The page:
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Tailored virus kills brain cancer cells in mice

Posted on: 09/12/2007

Tailored virus kills brain cancer cells in mice

Sept. 11, 2007
Courtesy M. D. Anderson Cancer Center

A cus­tomized vi­rus in a mouse study killed stem cells that cause an ex­tremely ag­gres­sive, te­na­cious brain can­cer, re­search­ers re­port.

Sci­en­tists at the Un­ivers­ity of Tex­as M. D. An­der­son Can­cer Cen­ter in Hous­ton, Tex­as an­nounced the find­ings in the Sept. 18 is­sue of the Jour­nal of the Na­t­ional Can­cer In­sti­tute.

The vi­rus “can tar­get and elim­i­nate the cells that drive brain tu­mors,” by es­sen­tially forc­ing them to eat them­selves, said study co-author Juan Fue­yo. The re­search­ers said they ex­pect to sub­mit a re­quest to launch a clin­i­cal tri­al of the vi­rus, called Delta-24-RGD, this month.

They tested the vi­rus against the most ag­gres­sive brain tu­mor, glioblas­toma mul­ti­forme, which orig­i­nates in spe­cial­ized cells known as glia, Fue­yo said. Glia sur­round and sup­port neu­rons, the brain cells that con­duct elec­tri­cal sig­nals. 

Glioblas­toma mul­ti­forme re­sists radia­t­ion and chem­o­ther­a­py treat­ments and is so in­va­sive that sur­gery al­most nev­er elim­i­nates it, Fue­yo and col­leagues said. Pa­tients suf­fer­ing from this ma­lig­nan­cy live on av­er­age for about 14 months with treat­ment.

The re­search­ers de­vel­oped the vi­rus to ex­ploit a weak­ness in tu­mors but leave nor­mal tis­sue un­harmed. They found in a 2003 study that the vi­rus elim­i­nated brain tu­mors in 60 per­cent of mice who re­ceived in­jec­tions di­rectly in­to their tu­mors. The vi­rus spreads in a wave through the tu­mors un­til there are no can­cer cells left, then it dies.

Since 2004 sci­en­tists have found that brain tu­mors are driv­en by out-of-control stem cells, a type of “mas­ter cell” ca­pa­ble of de­vel­op­ing in­to a va­ri­e­ty of oth­er cell types, the re­search­ers said. Even when sur­gery de­stroys a tu­mor, the rogue stem cells can pro­duce a new one.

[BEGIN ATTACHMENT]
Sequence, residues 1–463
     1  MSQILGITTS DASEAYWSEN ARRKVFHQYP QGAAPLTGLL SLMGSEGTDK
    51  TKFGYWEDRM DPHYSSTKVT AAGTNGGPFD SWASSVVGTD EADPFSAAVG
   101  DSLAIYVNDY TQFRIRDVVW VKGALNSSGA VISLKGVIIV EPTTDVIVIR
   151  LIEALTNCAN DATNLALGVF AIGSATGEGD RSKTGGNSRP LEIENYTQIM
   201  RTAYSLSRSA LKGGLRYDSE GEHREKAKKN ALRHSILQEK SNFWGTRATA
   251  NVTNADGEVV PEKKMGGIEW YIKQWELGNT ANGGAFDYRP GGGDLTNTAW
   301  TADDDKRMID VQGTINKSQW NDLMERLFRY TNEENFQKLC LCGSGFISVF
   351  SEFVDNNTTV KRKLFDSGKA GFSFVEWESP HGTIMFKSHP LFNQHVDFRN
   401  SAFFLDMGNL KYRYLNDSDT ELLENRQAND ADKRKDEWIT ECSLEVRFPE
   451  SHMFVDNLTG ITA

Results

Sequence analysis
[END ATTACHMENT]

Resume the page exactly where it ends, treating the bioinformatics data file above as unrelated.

Fueyo’s team grafted four dif­fer­ent lin­eages of the stem cells in­to mouse brains and treated the re­sult­ant tu­mors with in­jec­tions of the vi­rus. Un­treated mice sur­vived 38.5 days on av­er­age, and treated mice 66 days, they re­ported. But two of the treated ones lived for 92 days, un­til the end of the ex­pe­ri­ment, with no neu­ro­lo­g­i­cal symp­toms.

“An an­i­mal mod­el does­n’t fully rep­re­sent hu­mans,” Fueyo cau­tioned. “But the tu­mors grown by these stem cells closely re­sem­ble the tu­mors we see in our pa­tients, which is an ex­cit­ing find­ing in it­self.” Usu­al­ly, tu­mors ar­ti­fi­cially in­duced in lab an­i­mals don’t mim­ic real tu­mors very well, he re­marked—but these did, sprawl­ing out and deeply in­vad­ing oth­er brain ar­eas be­fore the vi­rus beat them back.

The vi­rus ex­ploits the fact that a mol­e­cule called retinoblas­toma is mis­sing or de­fec­tive in brain tu­mors. The mol­e­cule nor­mally guards against both the pro­lifera­t­ion of can­cerous cells and against vi­ral in­fec­tion. So the vi­rus, a mem­ber of a family of vi­ruses called adenovi­ruses, has an eas­i­er time in­vad­ing tu­mors and repli­cat­ing in its cells. 

Adenovi­ruses at­tack­ing nor­mal cells nor­mally em­ploy a mol­e­cule called E1A to coun­ter­act the retinoblas­toma de­fense. So to keep the vi­rus out of nor­mal cells, Fueyo and col­leagues ex­plained, they simply needed to de­lete a small part of the vi­ral gene that pro­duces E1A. The vi­rus forc­es tu­mor cells to de­vour them­selves un­til they die, a form of self-cannibal­iz­a­tion called au­to­phagy, they wrote.


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